Once again, Lebanon’s 49 percent share of the Special Tribunal for Lebanon funding is due. And once again, the procedure – which should be a simple, if expensive, international legal matter – has fallen victim to domestic political squabbling and infighting.
Caretaker Prime Minister Najib Mikati might still decide to seek Cabinet approval to pay Lebanon’s 2013 dues, but in the absence of a government, this might take time. But it has been paid without Cabinet approval before, so there no reason this cannot happen again.
Those opponents of funding the court, and of the STL in general, namely Hezbollah and its March 8 allies, are using the Cabinet issue as one reason why Lebanon’s 2013 dues cannot be paid. They are also citing the admittedly dire financial state of the country, and the rapidly rising costs of hosting a growing refugee population.
Eight years after the assassination of former Prime Minister Rafik Hariri – an event larger than Lebanon itself, and thus requiring the investigative backing of an international court – and the procedures and funding of the STL should be routine. But still they are subject to the dangerous political bickering that is increasingly appearing to define Lebanon.
For its part, Hezbollah has shown little to no cooperation with the court: consistently opposing its funding, preventing access and refusing to hand over four of its members, indicted in the 2005 crime. And as the years go on, justice seems to be ever further away. A series of different prosecutors has lengthened every proceeding, and the mechanics of the trial itself seem eternally hazy.
But for such a crucial time for Lebanon, when it needs all the international support it can get, it is vital that all of its political actors work together to help create an image of a strong, united country, not one beset by endless disagreements and crisis after crisis.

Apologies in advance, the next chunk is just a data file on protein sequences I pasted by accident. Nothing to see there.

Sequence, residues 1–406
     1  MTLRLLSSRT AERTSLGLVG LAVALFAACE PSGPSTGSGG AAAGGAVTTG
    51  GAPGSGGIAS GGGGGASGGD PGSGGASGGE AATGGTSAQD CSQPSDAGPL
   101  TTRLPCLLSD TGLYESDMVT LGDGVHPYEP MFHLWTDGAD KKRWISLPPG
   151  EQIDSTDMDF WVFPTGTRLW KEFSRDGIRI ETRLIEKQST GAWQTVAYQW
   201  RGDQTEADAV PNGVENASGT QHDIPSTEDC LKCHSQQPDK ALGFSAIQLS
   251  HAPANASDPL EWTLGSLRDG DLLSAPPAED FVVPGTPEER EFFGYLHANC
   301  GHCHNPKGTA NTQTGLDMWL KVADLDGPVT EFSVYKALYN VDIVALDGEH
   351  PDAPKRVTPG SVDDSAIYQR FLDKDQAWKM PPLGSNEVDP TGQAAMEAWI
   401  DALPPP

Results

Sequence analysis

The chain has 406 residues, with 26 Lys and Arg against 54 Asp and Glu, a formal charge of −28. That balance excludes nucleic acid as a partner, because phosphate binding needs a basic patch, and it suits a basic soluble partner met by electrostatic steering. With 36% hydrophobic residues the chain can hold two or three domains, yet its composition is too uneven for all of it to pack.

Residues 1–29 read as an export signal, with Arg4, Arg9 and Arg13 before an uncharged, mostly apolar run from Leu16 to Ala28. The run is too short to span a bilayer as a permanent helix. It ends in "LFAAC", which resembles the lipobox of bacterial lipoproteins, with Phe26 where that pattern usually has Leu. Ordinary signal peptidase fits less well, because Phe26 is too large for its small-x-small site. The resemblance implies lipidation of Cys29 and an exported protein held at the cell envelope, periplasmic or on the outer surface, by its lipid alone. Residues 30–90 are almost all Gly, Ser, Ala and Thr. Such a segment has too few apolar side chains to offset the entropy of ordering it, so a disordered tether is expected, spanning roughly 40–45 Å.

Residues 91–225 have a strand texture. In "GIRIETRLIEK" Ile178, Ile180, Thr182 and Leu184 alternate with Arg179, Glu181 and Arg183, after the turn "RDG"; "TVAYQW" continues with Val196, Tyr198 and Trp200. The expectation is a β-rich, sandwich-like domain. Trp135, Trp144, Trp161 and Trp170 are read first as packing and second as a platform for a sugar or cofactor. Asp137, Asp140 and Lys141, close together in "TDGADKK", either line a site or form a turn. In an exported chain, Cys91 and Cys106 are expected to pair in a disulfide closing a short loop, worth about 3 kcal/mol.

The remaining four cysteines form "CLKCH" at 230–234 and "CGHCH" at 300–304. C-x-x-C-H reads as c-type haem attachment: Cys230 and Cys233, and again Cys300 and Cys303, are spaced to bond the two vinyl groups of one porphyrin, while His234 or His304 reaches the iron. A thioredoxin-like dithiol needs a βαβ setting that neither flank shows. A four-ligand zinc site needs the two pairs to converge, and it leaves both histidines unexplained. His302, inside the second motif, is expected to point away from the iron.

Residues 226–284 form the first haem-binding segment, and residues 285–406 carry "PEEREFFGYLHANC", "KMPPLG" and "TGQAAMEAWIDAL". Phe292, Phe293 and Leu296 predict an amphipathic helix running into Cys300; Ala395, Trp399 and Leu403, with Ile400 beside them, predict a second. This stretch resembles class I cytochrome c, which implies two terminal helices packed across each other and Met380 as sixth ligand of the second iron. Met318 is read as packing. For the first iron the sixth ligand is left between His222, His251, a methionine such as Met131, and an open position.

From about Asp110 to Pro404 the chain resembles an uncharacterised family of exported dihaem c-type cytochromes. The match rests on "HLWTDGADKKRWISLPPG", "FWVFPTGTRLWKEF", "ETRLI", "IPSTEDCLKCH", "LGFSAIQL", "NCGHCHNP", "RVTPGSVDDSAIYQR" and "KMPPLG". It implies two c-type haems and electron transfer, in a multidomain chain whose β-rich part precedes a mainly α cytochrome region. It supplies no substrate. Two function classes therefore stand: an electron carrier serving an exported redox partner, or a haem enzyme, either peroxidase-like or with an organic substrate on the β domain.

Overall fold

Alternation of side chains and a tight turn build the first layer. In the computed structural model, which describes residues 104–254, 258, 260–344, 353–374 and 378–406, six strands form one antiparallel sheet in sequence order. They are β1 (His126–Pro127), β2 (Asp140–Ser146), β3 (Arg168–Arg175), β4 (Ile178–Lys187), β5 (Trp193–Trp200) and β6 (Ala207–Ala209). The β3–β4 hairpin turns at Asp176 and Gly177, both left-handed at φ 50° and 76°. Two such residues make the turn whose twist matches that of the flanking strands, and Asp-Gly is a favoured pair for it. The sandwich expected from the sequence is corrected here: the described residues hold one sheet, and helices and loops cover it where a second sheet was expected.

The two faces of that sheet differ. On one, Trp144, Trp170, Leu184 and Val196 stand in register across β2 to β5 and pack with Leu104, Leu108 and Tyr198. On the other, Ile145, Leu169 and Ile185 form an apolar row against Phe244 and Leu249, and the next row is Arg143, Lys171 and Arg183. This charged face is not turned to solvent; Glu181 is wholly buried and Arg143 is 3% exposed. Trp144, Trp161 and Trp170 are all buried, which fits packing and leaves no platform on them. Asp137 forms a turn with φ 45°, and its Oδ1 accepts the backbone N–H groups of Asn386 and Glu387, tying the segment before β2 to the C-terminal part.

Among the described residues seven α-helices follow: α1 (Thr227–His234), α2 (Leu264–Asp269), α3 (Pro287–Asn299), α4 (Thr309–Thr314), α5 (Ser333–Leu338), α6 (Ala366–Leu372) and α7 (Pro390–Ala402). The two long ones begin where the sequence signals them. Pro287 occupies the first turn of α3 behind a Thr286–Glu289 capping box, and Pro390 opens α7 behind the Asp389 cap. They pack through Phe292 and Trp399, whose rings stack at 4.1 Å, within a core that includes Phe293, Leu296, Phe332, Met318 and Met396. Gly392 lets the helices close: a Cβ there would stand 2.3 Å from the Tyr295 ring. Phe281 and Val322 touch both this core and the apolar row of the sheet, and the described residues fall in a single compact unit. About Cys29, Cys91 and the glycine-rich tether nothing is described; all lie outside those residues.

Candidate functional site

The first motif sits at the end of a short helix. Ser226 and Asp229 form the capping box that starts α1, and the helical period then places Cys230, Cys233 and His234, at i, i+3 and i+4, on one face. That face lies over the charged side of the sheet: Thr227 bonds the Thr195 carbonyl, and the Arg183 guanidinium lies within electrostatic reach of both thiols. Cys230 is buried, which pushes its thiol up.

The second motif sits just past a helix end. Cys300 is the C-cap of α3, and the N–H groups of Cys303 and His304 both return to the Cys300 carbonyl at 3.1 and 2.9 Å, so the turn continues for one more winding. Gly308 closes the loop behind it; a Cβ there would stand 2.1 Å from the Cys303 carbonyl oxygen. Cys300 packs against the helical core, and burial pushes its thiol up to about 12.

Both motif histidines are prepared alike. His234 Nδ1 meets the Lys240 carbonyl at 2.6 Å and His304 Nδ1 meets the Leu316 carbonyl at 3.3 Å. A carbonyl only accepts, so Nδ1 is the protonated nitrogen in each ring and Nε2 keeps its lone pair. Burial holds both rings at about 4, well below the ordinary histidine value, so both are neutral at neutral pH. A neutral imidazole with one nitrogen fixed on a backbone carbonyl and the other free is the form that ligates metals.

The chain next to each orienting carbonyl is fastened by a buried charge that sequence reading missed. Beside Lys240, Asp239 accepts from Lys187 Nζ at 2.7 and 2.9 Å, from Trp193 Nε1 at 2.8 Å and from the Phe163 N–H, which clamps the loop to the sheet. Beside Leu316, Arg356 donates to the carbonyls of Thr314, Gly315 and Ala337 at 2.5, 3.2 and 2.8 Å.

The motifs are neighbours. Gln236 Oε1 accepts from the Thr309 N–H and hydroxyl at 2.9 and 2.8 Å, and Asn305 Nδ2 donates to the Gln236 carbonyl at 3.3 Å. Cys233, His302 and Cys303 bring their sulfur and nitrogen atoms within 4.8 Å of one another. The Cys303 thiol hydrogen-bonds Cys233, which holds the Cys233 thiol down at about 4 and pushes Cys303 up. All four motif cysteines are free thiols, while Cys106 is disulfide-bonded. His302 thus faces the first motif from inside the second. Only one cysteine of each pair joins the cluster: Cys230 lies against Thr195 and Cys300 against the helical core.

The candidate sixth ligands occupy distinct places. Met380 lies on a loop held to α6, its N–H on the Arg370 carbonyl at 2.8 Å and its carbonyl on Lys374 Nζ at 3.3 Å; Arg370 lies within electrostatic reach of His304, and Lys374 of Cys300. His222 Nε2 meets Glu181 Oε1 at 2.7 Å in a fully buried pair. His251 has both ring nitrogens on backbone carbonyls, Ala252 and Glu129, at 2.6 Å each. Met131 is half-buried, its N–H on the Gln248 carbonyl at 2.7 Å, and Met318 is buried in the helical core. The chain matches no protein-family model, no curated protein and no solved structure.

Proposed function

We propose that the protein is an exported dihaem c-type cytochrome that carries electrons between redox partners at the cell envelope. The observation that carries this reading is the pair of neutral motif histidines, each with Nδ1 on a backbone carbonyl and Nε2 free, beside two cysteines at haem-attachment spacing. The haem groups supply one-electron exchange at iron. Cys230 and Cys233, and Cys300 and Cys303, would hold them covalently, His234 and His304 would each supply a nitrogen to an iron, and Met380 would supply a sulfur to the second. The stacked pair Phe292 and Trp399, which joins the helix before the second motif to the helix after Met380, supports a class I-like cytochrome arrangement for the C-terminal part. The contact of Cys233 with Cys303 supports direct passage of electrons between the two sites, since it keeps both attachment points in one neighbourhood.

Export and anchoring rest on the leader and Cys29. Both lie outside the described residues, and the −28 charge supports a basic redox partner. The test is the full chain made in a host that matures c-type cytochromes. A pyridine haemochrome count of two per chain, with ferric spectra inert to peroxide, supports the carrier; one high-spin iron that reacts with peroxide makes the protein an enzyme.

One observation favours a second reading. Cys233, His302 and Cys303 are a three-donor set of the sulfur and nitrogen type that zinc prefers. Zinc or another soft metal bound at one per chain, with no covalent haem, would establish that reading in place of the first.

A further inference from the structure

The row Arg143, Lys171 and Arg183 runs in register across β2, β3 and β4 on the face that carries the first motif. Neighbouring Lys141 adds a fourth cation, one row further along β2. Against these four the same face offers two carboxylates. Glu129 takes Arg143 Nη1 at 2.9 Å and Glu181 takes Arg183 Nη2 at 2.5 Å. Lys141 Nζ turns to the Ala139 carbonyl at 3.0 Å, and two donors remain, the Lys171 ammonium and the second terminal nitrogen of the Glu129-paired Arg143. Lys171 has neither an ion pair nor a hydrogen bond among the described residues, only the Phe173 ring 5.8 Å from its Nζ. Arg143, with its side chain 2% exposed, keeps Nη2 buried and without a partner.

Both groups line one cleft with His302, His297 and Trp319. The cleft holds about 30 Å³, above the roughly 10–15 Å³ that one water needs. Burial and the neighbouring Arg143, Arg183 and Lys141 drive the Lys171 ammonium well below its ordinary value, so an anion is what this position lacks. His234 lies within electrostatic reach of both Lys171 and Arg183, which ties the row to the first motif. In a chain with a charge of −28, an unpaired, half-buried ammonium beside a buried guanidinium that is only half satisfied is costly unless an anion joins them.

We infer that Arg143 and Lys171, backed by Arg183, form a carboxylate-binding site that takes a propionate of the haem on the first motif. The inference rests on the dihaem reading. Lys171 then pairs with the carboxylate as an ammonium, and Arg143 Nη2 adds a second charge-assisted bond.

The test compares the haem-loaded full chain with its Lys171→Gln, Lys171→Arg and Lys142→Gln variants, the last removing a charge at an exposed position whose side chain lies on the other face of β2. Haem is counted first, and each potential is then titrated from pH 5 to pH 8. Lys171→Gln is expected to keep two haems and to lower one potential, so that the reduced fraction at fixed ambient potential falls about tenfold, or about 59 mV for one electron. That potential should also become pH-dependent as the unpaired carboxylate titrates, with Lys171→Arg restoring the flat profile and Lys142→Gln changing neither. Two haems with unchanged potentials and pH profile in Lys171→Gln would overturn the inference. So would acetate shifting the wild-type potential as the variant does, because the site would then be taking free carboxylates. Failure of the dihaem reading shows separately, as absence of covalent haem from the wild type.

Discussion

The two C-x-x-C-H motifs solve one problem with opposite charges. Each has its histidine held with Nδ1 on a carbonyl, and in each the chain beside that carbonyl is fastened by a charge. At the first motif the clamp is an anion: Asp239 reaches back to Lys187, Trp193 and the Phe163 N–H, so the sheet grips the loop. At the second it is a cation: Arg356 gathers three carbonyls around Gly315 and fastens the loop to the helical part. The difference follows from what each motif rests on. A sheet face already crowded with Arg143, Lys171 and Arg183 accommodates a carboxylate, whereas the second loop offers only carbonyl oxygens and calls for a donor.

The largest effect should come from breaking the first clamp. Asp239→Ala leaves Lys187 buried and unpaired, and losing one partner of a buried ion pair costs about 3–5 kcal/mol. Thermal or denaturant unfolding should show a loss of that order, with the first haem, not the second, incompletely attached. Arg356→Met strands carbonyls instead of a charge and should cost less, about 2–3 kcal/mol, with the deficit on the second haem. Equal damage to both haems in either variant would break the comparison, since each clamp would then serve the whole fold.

Any country is judged by its dealings with the international community, its ability to play by the rules and to work alongside and respect global norms and systems of justice. With these endless delays and bargaining over the STL, used by political parties in attempt to score minor, perceived victories at home, Lebanon is being tarnished. And not just the reputation of those groups responsible for the delays and the bickering, but all groups, and all of its citizens. For the country comes to be seen as a failed state, one not worthy of concerted efforts to maintain stability or provide assistance to. If the country cannot look after itself, the international community will likely be more inclined to ask, “Why should we help it out?”
Personal and political vendettas must be removed from all Lebanese dealings with the STL. For the country cannot – at this very delicate time – afford to pick and choose in its relations with international standards and systems.